Hoofin’ it in the High Sierras – Mounted on a Mule
Ever wonder what it’s like to explore a national park on the back of a mule? Read on, then, pardner, and I’ll tell you about riding the High Sierra loop in Yosemite on a steady steed from the Tuolumne Meadows stable.
I’d always wanted to explore Yosemite but had never had the chance — until my boyfriend, Mark, asked me if I’d join him on a 6-day mule trip to the High Sierra camps in August. (Umm, let me think about that for 6 seconds.) Heck, yeah! I wasn’t worried about being able to stay in the saddle, because I’d been born a rancher’s daughter and learned to herd cattle on Quarter horses in Arizona when I was just a kid. Later on I’d owned a couple of Tennessee Walking horses, and I’d ridden a wide variety of trails – from red-clay paths in the piedmont of northern Georgia to sandy, sagebrush-lined roads in Washington State’s Columbia Basin.
Still, riding a mule in Yosemite was a whole new experience. Upon arriving at the stable, I was assigned to a chestnut mule named Preston. I soon located him at the hitching post, dozing in the summer sun and occasionally protecting his space from other mules with laid-back ears and bared teeth. He was a perfect gentlemule with me, though — sniffing my outstretched hand and gazing calmly into my eyes. He wore a copper-colored coat, a faint white star on his forehead, the number 199 on his neck, and a sturdy Western saddle. Following instructions from the wranglers, I tucked my sack lunch into the saddlebag and mounted my mule.
Soon our group was ready to go, and we headed out on the trail – lined up nose to tail. Leading the way was our head wrangler, Sheridan, on a handsome blue roan horse. Following behind her were 12 guests, all of us on mules. And bringing up the rear was another wrangler, Tori, who was riding a horse and leading a string of four pack mules, all loaded down with our baggage.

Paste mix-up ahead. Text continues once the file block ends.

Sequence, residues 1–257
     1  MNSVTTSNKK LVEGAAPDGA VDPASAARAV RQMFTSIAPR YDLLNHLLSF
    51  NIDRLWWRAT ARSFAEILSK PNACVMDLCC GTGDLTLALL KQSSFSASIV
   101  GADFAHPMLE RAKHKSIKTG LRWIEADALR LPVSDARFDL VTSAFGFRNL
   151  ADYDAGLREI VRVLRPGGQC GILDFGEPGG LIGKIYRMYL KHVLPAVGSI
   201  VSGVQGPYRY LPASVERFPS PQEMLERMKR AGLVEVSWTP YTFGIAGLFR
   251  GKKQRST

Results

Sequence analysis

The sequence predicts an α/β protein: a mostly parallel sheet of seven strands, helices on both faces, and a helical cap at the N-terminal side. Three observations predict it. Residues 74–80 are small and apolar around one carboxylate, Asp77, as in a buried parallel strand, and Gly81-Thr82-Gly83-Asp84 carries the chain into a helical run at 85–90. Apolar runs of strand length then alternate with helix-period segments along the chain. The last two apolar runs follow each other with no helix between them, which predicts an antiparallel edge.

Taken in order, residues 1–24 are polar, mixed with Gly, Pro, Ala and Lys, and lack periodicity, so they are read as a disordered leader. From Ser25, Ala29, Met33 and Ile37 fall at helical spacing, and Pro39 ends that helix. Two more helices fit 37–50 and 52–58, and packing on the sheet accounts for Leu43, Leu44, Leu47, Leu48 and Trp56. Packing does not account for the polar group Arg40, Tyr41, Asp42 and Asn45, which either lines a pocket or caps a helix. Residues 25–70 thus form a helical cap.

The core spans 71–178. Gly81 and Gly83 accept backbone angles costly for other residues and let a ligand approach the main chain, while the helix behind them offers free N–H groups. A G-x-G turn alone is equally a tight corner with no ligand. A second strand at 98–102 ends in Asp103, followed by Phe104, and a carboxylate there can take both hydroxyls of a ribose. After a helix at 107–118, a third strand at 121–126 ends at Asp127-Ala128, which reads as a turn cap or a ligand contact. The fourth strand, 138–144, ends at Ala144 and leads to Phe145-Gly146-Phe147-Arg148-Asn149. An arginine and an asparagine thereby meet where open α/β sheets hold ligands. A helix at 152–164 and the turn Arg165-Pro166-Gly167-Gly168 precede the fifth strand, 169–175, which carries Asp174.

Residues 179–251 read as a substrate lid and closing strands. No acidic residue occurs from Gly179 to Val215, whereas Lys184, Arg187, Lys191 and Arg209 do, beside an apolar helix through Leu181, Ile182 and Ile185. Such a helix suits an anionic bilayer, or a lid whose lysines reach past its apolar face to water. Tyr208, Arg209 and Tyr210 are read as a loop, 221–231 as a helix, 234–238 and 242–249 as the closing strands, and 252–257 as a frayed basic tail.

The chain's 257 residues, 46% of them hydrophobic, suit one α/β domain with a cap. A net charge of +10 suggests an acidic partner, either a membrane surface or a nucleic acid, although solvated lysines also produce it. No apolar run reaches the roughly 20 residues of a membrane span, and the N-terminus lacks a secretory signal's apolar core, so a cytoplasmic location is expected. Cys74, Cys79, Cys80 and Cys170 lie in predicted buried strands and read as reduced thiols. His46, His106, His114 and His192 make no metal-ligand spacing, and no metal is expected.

The trail to the Glen Aulin camp took us through verdant meadows and alongside crystal clear creeks. Off in the distance, impressive granite monoliths reached into the azure sky. It was an easy ride, and soon I began to feel comfortable aboard Preston. But then the terrain changed, and we began to descend a steep, rocky trail through a piney forest along Tuolumne Falls. The trail would have been challenging for even an experienced hiker sporting traction-enhancing, Vibram-soled boots. How on earth, I wondered, would a mule with steel shoes (!) be able to avoid sliding on the trail’s daunting stone staircases? I actively tried to help my mule by distributing my weight appropriately for the terrain — leaning back on steep descents and learning forward when the trail occasionally wound uphill. Preston carefully picked his way along the path, and soon I decided there’s a reason that mules have the reputation of being sure footed. Eventually we reached the bottom of the hill and crossed over the wooden bridge that brought us into the first of the High Sierra camps.
By the end of the week, when we’d negotiated numerous difficult switchbacks on high mountain passes, my new mottos became 1) Trust the mule; 2) Thank goodness for the skilled trail crews in Yosemite; and 3) Our wranglers are wonderful.
Stay tuned for other reports from my Yosemite adventures!